WM ACS Goes to D.C. – “Dude, it was awesome.”

March 31, 2009 | | Comments Off on WM ACS Goes to D.C. – “Dude, it was awesome.”

On Friday, William & Mary ACS traveled to D.C. for a visit to the Supreme Court, and meetings with two lawyers working in very different jobs on House committees.

The travel to D.C. was nice, and incredibly fuel-efficient for those of us in Mark’s 50.4 MPG Prius.  I had no idea the Prius had that kind of fuel-efficiency game.  It was mighty impressive.


Once we arrived in D.C., we walked from Union Station, where we all parked, to the Supreme Court.  We just missed the Supreme Court tour, so we were treated to a summary of the lecture by Mr. Mark Pike.  Then, we traveled down to the Supreme Court museum on the lower level to look at some of the models of the court, and paintings of famous former Justices.  Then came the highlight of the Supreme Court portion of our trip.  The Supreme Court cafeteria.  I ordered the Chicken Parmesan sub and french fries.  I was expecting really greasy, fried food, but I was pleasantly surprised that the chicken was grilled and the french fries appeared to be freshly made and not nearly as greasy as I would have expected.  Fellow ACS’ers who made the trip, feel free to share your food experiences at the Court in the comments.

Upon leaving SCOTUS, we walked over to the Rayburn House Office Building, and on the way, we were given an impromptu walking tour of the city by Masha.  We arrived at the Rayburn building and after going through the metal detectors and security check, natch, we entered the House Judiciary Committee Office.  We were then shown the House Judiciary Committee’s hearing roomr by Ted Kalo, the General Counsel for the House Judiciary Committee.  After seeing the hearing room, Mr. Kalo took us in for a meeting in the same room that Billy Corgan of the Smashing Pumpkins had been in just two weeks prior. Mr. Corgan had been on the Hill testifying in support of a bill Rep. John Conyers, Mr. Kalo’s boss, had introduced to provide artists more money for the use of their copyrighted material on terrestrial radio.  Mr. Kalo is a huge Smashing Pumpkins fan, and unfortunately, was out with a sinus infection when Mr. Corgan was in the office, but he managed to get an autograph and a faux picture taken with him (Mr. Corgan held a picture of Mr. Kalo up and had his picture taken in the office).

Mr. Kalo then went on to tell us what a normal day for him is like, and described the Hill as the perfect place for someone with a short attention span to work.  He said that in his current role as General Counsel, he is a mile wide and an inch deep, because he deals with overseeing the work of many of the other counsel in the committee that are responsible for drafting statutes and bills and making sure they say what the Representatives want them to say.  He described his failings in his first attempt to draft a statute, because as he described it, he tried to “re-invent the wheel.”  He suggested that the best way to draft a statute or bill is to look at one already on the books that deals with a similar topic and use it as a framework, and then change the language where necessary to make it do what you want it to do.  He spoke candidly about what many of the meetings are like on the Hill, saying that many times they are 15% policy and 85% politics.  When asked how he felt when he realized that the Democrats would be returning to the majority and he would be returning to a bigger office, he glowingly said, “Dude, it was awesome.”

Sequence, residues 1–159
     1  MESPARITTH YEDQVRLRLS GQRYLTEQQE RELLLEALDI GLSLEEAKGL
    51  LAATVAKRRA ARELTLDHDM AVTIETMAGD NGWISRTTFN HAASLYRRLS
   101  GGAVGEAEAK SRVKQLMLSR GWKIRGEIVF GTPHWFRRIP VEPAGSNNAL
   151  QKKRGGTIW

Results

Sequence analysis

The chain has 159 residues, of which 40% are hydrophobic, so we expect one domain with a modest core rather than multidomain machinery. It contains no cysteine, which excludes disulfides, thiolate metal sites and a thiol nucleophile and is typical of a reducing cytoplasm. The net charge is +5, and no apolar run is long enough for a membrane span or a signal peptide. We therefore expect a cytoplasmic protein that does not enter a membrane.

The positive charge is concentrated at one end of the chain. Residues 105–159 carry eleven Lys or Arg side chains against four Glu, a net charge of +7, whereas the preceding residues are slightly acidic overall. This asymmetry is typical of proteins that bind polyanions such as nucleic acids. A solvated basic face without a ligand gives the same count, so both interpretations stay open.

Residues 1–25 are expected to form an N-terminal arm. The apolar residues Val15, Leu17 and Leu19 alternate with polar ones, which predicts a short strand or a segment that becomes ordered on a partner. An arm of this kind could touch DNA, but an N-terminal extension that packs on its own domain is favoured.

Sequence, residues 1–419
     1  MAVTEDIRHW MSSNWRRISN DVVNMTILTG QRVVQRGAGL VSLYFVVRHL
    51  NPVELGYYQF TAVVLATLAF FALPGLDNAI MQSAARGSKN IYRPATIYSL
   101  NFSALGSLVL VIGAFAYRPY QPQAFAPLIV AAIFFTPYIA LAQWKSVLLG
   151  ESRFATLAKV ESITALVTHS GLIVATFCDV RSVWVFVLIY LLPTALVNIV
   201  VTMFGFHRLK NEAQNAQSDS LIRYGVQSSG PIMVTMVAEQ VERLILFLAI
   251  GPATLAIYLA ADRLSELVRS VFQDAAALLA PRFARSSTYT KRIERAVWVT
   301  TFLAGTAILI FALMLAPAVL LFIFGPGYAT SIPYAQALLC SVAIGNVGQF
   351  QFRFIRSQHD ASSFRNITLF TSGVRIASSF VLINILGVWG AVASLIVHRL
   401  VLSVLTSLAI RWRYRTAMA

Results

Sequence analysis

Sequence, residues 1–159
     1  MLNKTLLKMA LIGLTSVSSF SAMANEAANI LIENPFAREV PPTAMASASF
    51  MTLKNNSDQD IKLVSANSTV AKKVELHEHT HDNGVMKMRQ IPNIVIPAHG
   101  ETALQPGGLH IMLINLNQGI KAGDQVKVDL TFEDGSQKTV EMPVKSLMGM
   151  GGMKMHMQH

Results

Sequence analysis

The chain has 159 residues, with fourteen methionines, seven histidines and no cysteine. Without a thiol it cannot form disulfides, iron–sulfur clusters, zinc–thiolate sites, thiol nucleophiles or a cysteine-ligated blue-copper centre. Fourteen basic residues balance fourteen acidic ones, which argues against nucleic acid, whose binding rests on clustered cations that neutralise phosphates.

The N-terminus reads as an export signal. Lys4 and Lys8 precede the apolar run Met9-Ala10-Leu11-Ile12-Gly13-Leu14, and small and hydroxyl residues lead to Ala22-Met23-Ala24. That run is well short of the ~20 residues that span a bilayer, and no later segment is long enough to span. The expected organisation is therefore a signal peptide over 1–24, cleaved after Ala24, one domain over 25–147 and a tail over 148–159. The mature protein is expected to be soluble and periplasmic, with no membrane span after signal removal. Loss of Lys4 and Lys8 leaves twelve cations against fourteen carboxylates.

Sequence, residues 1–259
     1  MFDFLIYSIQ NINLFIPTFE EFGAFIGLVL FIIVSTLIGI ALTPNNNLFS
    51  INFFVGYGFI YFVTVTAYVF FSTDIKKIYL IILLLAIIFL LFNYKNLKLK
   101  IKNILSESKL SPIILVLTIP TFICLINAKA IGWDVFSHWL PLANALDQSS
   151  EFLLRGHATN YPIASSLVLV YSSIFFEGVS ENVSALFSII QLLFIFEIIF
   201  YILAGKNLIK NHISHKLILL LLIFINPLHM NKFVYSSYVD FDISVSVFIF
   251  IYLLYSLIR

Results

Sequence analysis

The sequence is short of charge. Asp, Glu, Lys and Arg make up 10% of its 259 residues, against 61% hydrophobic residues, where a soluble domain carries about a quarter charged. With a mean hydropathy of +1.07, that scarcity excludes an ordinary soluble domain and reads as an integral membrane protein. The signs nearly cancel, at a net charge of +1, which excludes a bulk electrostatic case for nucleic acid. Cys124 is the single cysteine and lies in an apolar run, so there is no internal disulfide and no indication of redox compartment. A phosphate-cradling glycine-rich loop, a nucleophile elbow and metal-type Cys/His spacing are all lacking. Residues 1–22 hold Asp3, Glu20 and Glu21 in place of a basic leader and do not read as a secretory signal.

After wrapping up with Mr. Kalo, we walked halfway down the hallway to the Committee on Energy and Commerce’s office.  They sent us into the hearing room for that Committee and there we got to speak with Michael Gordon, Deputy Chief Investigative Counsel on the Committee on Energy and Commerce, formerly of the House Committee on Oversight and Government Reform.  Mr. Gordon described his work as markedly different from the normal lawyer working on the Hill, who are primarily drafting statutes and doing more typically lawyerly work.  Mr. Gordon’s job, on the other hand, was all about investigations.  He had done similar work in private practice, where when something went wrong for a company they would send him in and have him investigate the problem and those employees that didn’t cooperate with his investigation would be fired, so he had a lot of power to get information.  In the public sector, he has a similarly poweful means to get information, the Congressional subpoena.  He told us how very difficult it is for a company to resist a Congressional subpoena and the political incentives they have for cooperating – bad press, etc.  He described for us the types of investigations they do in the Committee on Energy and Commerce.  For instance, the recent peanut butter salmonella scare lead to an investigation of that industry to find out why the outbreak happened.  Mr. Gordon described that investigation as the exception to the norm where the investigation was re-active rather than pro-active.  He stated that the priority for this term will be investigations into health care and ways to make the system work better and more efficiently.  Finally, Mr. Gordon said he believed that meaningful oversight and investigations of the innerworkings of the executive agencies would be important in not repeating the mistakes of the past administration; he believes that his predecessors in the majority, under the Bush administration, did a disservice to that administration by not providing meaningful oversight.

All in all, the trip was a great success, and thanks go out to our speakers, Mr. Gordon and Mr. Kalo, and those who helped to coordinate our meetings with them.


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